In responding to a repair call, a 32 year old operator of a van had to drive over the railroad tracks at a particular crossing. The railroad warning signs were posted on a curved portion of the roadway with a line of sight that was obscured by tall trees between the point where the curve began, up to the railroad crossing itself. As the van entered the crossing, a moving train struck it broadside, dragging it several hundred feet before the train could come to a stop. The driver was killed instantly. We were later retained by his estate, (his widow and a young child).
In the action we brought against the railroad and the town, the defense was that the railroad engineer followed all standards (sounding his horn, etc.), his speed was within legal limits, and that the van driver failed to obey the flashing lights at the roadway warning posted on the roadway. The town defended that its signal and its road warnings were in full compliance with safety's standards.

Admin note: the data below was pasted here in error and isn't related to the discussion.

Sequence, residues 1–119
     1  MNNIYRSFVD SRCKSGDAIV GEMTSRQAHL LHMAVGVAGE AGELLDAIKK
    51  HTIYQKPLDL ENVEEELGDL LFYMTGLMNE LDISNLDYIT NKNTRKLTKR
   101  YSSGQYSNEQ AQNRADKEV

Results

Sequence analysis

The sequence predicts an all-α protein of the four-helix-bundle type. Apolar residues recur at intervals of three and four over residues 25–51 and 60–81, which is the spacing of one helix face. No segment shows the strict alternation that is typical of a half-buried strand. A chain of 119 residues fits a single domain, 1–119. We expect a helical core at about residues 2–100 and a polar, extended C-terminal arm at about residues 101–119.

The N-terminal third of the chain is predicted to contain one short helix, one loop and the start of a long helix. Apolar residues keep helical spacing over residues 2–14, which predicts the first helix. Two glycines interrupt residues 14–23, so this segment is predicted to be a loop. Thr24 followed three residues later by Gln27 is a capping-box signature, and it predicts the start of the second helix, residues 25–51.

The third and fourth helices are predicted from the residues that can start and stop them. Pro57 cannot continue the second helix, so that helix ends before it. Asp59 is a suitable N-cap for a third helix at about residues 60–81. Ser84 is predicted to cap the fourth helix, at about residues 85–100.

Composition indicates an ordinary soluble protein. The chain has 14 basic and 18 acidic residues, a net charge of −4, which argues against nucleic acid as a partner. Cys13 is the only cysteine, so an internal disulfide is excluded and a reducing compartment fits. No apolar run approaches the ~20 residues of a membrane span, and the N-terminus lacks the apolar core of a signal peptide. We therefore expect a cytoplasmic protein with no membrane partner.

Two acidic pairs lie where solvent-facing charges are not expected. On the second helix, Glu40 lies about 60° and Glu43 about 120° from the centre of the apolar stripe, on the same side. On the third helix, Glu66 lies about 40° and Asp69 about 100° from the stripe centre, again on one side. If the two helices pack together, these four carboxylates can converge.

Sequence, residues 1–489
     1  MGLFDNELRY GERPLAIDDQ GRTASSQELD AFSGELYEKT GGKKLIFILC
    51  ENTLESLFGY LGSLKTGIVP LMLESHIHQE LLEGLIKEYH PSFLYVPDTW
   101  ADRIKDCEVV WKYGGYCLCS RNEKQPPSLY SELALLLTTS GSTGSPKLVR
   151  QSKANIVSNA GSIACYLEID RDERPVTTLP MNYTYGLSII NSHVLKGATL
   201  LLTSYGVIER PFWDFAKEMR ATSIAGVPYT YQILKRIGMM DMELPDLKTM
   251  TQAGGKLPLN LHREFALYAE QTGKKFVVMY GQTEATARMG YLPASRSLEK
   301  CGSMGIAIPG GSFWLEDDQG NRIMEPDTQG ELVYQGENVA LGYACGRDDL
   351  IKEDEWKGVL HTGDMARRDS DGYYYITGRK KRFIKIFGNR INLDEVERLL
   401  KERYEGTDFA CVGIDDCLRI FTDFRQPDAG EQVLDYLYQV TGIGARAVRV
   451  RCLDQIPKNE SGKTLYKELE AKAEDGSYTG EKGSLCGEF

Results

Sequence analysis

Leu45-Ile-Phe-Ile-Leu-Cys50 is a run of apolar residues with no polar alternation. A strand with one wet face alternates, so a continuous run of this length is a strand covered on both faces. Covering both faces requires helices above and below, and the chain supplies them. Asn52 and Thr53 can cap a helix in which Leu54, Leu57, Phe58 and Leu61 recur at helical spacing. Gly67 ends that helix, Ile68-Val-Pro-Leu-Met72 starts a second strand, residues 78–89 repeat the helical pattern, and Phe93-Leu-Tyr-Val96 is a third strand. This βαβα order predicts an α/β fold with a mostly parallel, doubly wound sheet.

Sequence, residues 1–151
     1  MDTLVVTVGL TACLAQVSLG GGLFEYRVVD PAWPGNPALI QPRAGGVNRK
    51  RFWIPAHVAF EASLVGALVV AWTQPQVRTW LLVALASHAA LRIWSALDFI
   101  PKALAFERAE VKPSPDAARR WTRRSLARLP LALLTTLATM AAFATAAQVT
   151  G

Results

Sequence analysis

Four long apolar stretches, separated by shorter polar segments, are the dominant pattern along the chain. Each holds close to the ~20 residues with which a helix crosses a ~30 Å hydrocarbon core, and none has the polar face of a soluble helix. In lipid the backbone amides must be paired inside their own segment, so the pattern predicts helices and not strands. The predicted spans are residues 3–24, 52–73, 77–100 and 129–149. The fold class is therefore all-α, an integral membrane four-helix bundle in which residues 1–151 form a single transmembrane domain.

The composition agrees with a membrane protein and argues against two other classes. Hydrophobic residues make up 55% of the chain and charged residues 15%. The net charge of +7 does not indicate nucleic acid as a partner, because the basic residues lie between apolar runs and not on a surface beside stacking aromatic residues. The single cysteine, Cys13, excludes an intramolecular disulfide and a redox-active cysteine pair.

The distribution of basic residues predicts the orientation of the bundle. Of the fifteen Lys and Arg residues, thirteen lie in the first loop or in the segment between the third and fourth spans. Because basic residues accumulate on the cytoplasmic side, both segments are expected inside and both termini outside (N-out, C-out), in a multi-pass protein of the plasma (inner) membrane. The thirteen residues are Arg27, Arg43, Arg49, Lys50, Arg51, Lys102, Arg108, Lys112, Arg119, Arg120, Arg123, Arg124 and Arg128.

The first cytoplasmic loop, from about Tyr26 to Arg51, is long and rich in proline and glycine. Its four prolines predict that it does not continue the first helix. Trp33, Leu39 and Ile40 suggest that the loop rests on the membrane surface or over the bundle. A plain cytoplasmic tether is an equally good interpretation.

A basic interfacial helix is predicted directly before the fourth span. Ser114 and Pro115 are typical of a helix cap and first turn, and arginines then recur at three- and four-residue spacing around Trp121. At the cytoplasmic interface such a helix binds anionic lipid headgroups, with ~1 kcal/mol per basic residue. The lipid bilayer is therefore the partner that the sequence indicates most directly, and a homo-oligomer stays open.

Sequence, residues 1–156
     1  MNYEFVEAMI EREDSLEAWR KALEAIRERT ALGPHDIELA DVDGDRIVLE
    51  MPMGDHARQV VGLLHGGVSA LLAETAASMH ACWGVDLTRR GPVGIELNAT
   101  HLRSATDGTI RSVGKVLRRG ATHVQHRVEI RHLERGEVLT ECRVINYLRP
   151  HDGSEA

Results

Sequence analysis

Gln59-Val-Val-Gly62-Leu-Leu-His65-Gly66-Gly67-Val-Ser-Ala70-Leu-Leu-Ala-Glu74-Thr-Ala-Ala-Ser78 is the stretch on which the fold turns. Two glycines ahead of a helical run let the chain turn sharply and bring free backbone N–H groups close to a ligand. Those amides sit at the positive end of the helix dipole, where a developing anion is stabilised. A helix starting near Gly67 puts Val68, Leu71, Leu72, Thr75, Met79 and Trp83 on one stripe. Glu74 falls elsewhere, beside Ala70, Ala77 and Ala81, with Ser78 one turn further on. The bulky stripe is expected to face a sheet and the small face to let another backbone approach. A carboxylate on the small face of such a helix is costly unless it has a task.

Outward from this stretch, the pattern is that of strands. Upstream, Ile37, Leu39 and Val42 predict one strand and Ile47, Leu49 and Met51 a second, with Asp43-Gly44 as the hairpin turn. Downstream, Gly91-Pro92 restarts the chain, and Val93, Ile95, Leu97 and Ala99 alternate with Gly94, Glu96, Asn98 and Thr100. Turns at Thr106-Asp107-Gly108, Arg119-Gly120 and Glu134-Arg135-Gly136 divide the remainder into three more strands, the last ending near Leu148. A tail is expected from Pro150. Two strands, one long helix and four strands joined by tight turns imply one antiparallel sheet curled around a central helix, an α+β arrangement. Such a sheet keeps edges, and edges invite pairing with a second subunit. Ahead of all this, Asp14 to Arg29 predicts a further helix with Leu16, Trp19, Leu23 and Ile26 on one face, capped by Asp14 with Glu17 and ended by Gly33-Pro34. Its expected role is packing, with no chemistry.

In view of what defendants considered a strong defense, they made no offer to settle, and proceeded to assert their defenses at trial. By contrast, it was our firm position that the town failed to provide a clear line of sight to the van driver by failing to remove the trees (on the land owned by the town) so as to provide a clear view of the railroad crossing at the point in the roadway where the railroad warning signs were posted. In essence we made the same assertions against the railroad charging that it was under a duty to make reasonably certain that there were no obstructions between its road warning signs and the railroad crossing.
To graphically prove our point to the jury, we employed a team of surveyors and artists who, under our instructions and supervision, prepared a series of overlay drawings depicting the obstructed view that the van driver had, and the unobstructed line of sight to the railroad crossing he would have had if the trees had been removed. Despite vigorous objections and oral arguments (the jury was recessed), the trial judge accepted our drawings as fair and accurate representations of the dangerous condition that existed, contrasted with the reasonably safe condition that should have been created by the town and railroad had the trees not obstructed the van driver's line of sight. The overlay drawings were marked in evidence and later exhibited to the jury.
After three weeks of trial, and just prior to the case being submitted to the jury, a settlement offer of $2,500,000 was accepted. Once again our aggressive and creative prosecution of the case, combined with our long courtroom experience won full justice for a young widow and child.